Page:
Another big unauthorized-camping cleanup under way in southeast West Seattle

Police mentioned to community groups including the Highland Park Action Committee last month that the unauthorized-camping area near 1st Avenue S. and SW Kenyon, along the west side of Highway 509, was scheduled for a cleanup. Today, it began. We found the cleanup under way when we went down to the area after hearing an in-passing mention on police radio. Our photos show the cleanup activity visible from the roadside, with heavy equipment much like the operation on the east side of Myers Way last fall:

Roadside trees were posted with this notice, indicating a fairly wide area [map] planned for cleanup today and tomorrow:

In addition to that area, “No Parking” signage stretched northward along 1st and to the west along Highland Park Way east of W. Marginal. To find out more about the cleanup, we contacted city homelessness-response spokesperson Will Lemke, who replied: “The area was posted as a ’72-hour removal,’ which means occupants of the area were given 3 days’ notice and received advanced outreach ahead of the clean-up. Shelter is available for everyone living unsheltered at the site and we will store suitable possessions (not destroyed by water, soiled, etc). Navigation Team was concerned about the accumulation of garbage and waste on site, and the impacts to the natural environment.” He said six people were found in the area before the cleanup: “There were 30 shelter beds available today — including 24/7, enhanced shelter options. 6 people on-site. No word yet if they took shelter.”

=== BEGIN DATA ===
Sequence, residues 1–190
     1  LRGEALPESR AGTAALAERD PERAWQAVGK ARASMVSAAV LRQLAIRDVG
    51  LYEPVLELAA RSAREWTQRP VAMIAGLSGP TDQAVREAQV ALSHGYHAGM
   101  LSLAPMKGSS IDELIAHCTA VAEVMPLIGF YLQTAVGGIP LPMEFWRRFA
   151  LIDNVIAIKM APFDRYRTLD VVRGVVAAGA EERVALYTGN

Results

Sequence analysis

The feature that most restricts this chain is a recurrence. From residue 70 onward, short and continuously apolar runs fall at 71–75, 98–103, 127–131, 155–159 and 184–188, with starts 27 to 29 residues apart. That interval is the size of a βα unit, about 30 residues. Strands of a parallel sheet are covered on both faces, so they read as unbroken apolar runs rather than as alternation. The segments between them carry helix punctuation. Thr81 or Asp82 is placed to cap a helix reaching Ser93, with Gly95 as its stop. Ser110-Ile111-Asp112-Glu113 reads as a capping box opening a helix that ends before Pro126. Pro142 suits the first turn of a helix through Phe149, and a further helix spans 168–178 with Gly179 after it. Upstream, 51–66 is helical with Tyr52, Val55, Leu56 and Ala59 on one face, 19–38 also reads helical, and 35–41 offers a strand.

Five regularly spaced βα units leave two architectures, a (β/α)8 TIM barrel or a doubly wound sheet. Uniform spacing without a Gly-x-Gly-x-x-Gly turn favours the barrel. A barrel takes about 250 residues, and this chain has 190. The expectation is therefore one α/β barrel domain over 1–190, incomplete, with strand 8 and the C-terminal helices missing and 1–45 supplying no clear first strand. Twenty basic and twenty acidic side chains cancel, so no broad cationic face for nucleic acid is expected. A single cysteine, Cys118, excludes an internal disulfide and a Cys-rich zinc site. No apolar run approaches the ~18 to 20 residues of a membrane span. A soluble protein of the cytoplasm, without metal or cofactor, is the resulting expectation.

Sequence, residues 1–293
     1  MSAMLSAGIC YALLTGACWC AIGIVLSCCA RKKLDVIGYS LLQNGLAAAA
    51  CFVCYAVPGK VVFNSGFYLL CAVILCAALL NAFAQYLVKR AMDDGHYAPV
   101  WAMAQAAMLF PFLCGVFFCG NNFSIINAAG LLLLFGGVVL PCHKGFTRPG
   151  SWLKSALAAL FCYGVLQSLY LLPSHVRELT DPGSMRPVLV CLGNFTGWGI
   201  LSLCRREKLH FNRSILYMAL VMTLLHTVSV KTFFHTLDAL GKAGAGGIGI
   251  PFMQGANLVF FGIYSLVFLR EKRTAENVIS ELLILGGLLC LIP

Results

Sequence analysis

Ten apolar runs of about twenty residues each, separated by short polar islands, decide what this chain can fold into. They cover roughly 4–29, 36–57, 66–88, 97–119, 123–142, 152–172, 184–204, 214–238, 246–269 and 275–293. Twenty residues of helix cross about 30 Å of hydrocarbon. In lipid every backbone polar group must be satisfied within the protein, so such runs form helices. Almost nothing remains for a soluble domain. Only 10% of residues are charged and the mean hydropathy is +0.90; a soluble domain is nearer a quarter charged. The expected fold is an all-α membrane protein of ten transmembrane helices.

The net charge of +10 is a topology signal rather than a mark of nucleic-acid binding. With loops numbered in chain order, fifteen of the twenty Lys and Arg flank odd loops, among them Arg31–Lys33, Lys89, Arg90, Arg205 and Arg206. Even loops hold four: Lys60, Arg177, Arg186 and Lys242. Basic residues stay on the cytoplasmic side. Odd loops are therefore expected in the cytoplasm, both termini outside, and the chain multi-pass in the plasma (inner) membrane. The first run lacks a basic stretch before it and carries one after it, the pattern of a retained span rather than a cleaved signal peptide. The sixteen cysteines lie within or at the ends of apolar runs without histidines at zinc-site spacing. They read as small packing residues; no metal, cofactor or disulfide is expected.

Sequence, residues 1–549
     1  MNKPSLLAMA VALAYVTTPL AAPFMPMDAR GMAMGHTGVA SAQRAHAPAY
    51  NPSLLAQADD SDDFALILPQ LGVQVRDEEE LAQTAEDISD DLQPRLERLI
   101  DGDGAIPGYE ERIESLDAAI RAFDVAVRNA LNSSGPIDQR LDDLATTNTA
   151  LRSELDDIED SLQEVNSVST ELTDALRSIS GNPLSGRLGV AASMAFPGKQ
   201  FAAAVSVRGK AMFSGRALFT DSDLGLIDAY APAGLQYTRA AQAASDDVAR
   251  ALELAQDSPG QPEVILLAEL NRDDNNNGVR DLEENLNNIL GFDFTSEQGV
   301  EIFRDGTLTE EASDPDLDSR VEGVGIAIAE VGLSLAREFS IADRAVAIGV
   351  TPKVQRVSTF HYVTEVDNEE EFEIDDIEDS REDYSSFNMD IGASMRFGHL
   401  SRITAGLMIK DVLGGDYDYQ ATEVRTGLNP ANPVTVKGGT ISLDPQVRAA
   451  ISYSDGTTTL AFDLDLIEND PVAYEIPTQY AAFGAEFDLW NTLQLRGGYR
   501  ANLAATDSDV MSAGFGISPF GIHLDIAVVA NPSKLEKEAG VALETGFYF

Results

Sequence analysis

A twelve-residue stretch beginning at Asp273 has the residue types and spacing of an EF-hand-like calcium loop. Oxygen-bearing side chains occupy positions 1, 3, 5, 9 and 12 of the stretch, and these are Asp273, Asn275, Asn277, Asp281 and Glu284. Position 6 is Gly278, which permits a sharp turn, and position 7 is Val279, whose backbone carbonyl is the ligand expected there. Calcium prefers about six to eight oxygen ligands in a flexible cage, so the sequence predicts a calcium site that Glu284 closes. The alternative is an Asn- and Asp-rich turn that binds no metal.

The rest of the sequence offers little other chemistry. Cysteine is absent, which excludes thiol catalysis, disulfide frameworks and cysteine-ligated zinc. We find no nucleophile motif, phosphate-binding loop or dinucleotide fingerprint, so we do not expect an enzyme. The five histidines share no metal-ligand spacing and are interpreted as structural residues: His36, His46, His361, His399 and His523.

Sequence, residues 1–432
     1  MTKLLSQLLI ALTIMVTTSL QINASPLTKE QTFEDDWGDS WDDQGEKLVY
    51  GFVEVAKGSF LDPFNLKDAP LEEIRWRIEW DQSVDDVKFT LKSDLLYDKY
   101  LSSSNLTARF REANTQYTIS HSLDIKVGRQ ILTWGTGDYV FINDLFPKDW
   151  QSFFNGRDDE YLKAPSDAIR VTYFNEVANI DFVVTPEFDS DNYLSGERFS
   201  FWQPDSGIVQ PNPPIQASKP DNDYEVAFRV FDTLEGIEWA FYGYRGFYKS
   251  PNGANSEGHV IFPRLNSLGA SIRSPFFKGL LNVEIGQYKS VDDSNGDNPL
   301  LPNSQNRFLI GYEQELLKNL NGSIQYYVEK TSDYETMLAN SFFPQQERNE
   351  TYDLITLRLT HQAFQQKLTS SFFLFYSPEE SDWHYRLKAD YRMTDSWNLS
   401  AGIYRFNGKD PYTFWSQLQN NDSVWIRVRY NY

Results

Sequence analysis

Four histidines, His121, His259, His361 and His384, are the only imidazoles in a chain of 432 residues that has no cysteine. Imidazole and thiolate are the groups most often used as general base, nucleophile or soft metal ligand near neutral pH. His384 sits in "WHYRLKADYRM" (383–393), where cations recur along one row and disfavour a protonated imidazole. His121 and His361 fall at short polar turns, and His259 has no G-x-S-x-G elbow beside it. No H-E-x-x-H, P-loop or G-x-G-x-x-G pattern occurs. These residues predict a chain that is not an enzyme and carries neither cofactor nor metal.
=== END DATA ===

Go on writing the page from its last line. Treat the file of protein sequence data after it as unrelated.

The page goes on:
32 Replies to "Another big unauthorized-camping cleanup under way in southeast West Seattle"

  • flimflam April 17, 2019 (5:48 pm)

    Navigation Team was concerned about the accumulation of garbage and waste on site, and the impacts to the natural environment.”unfortunately this scene is playing out all over the city. makes me so sad to see what has become/is becoming of this city and what is now considered acceptable or at the least, tolerated.many of our greenbelts drain into the sound eventually…

  • Mj April 17, 2019 (6:06 pm)

    If homeowners left trash on public property we would be cited for illegal littering.  Enough already with the double standard.

    • Tsurly April 18, 2019 (9:50 am)

      BS. I’m constantly picking up trash on my street and in the alley lined with $800k+ houses, either junk thrown on the ground or caused by unsecure trash cans. I’ve complained to the city multiple times without any result.

  • MJ April 17, 2019 (7:02 pm)

    Whatever happened to personal responsibility?  Enough already!  Imagine if these resources were used to enhance parks, keep community centers, libraries open longer hours.  But instead we are requested to pay levies for libraries and parks.

  • Sam-c April 17, 2019 (7:03 pm)

    I hope the 6 people still onsite will still have shelter options and take the opportunity to relocate. Such a sad situation for them and all the others who face the impacts of the unauthorized camp area.

    • dftl April 18, 2019 (3:13 pm)

      They won’t take the shelter – can’t drink and shoot-up there.

  • Dale April 17, 2019 (7:17 pm)

    These same camps were swept three or four months ago.  Required a huge police/cleanup response then, guessing costs of ten’s of thousands of tax dollars.  Would love to hear an actual number from the city.  Within two weeks the first RVS and campers were back, allowed to congregate again until another sweep was required today to try to control another environmental nightmare.  What’s wrong with this plan?

    • Quora April 17, 2019 (10:33 pm)